WW1 Commemorative Woodland

A RED OAK WAS PLANTED ON 1st NOVEMBER 2014 in memory of JOHN CREMER

Thanks to the initiative of the Wildlife Group and the Playing Field Committee, a tree was planted to commemorate the day on which the first Ryburgh soldier fell. 

Tree planting

 

 

 

 

 

 

 

 

Above: The descendants of John Cremer.

Right:   Representatives of the Ryburgh community.

 

The red oak was kindly donated by the Ryburgh Village

Action Group.

 

 

ON  1st  AND  8th  MARCH 2015  OVER 100 TREES WERE  PLANTED  BY  VILLAGE RESIDENTS.  AN  APPLE  TREE  COMMEMORATES  THE  LIFE  OF  STANLEY CURSON WHO  FELL  DURING  WW1.   (Pictures by Clive Lonsdale and Steve Bushby)

BARLEY WILSON WRITES: 

"Over 40 villagers and friends turned out with spades, wellies, and lots of enthusiasm to plant the first phase of a new community woodland in Great Ryburgh. Ranging in age from just 1 year old to those in their sprightly 70’s, the volunteers soon planted over 100 native trees and shrubs, which will hopefully provide a tranquil haven for people and wildlife for many years to come.

“Thanks to a generous grant from North Norfolk District Council’s “North Norfolk Big Society Fund”, we have been able to construct rabbit-proof fencing around the site to give these young trees and shrubs the best chance to grow well” said Barley Wilson, who co-ordinated the project and designed the new woodland. “There has been such interest in the project that families and friends from outside Great Ryburgh have turned out on a Sunday morning to help with digging and planting – many have marked “their” small trees so that they can return to enjoy them as they grow.”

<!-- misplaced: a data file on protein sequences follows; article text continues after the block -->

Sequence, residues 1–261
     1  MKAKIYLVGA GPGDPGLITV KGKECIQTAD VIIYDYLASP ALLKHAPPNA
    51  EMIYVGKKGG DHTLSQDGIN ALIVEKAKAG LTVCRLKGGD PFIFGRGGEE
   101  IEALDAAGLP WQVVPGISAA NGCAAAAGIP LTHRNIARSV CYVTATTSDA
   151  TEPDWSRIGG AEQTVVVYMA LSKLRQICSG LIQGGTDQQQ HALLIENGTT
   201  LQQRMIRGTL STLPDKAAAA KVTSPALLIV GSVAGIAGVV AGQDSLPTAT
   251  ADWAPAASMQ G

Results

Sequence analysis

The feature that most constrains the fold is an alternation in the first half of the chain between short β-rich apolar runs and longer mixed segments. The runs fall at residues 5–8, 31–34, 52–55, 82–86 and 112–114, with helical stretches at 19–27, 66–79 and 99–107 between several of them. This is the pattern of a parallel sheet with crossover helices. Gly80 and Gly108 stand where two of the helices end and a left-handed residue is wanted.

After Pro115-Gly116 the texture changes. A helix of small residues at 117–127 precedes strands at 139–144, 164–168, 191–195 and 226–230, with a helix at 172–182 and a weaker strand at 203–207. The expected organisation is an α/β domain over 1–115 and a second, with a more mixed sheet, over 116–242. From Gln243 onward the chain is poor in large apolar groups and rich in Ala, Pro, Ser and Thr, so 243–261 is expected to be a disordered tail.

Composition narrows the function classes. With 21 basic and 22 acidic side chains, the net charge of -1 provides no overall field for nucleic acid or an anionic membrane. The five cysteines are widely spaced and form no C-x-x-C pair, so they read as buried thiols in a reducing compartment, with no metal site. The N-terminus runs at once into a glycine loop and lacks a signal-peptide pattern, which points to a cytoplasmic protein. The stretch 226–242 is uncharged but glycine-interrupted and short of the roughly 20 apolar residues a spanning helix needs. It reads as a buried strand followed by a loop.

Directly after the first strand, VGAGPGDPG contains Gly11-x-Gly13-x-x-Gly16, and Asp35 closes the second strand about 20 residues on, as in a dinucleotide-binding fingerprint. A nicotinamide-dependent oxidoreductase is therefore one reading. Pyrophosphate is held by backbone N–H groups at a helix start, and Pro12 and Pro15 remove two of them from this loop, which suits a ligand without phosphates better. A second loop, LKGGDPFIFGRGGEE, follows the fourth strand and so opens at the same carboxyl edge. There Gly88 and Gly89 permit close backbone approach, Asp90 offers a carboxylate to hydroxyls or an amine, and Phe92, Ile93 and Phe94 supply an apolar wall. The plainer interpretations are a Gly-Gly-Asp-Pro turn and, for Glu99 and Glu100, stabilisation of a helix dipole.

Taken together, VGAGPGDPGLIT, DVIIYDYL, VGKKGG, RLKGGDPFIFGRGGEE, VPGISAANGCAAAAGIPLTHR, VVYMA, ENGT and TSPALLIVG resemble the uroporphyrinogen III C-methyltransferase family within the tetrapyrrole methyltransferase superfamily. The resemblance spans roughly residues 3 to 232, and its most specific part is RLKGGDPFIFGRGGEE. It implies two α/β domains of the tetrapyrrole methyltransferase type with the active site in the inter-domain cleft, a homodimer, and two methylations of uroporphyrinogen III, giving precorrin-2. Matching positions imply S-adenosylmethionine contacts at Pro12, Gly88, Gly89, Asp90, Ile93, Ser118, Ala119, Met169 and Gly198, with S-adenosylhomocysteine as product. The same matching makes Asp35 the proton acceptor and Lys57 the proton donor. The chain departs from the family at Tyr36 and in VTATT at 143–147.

Some of the trees have been provided by the government’s “Big Tree Plant” scheme, some were donated by The Ryburgh Wildlife Group, while others have been nurtured and brought along by villagers. In all, over fifteen different species of native trees and shrubs have been planted, to give colour and interest through the year. An apple tree, the first of a mini-orchard of fruit trees, was also planted as a living memorial to Stanley Curson, once a resident of Great Ryburgh, and tragically killed in WW1."


Events
Webpage icon October Fair 14th October 2017
Webpage icon Open Churches Week 2017
Webpage icon WW1 100 Day 5th June 2016
Webpage icon Shakespeare 400 concert: 23rd April 2016 3 p.m.
Webpage icon Village Wedding Fair
Webpage icon The cleaning of the Think and Thank screen
Webpage icon Christmas 2014
Webpage icon WW1 Commemoration Day 1st Nov. 2014
Webpage icon Open Churches Week 2nd - 10th August
Webpage icon Arts Festival: 22nd - 25th August 2014
Webpage icon Wartime song
Webpage icon WW1 silk embroidered cards
Webpage icon HLF Wartime food
Page last updated: Tuesday March 17th 2015 10:27 AM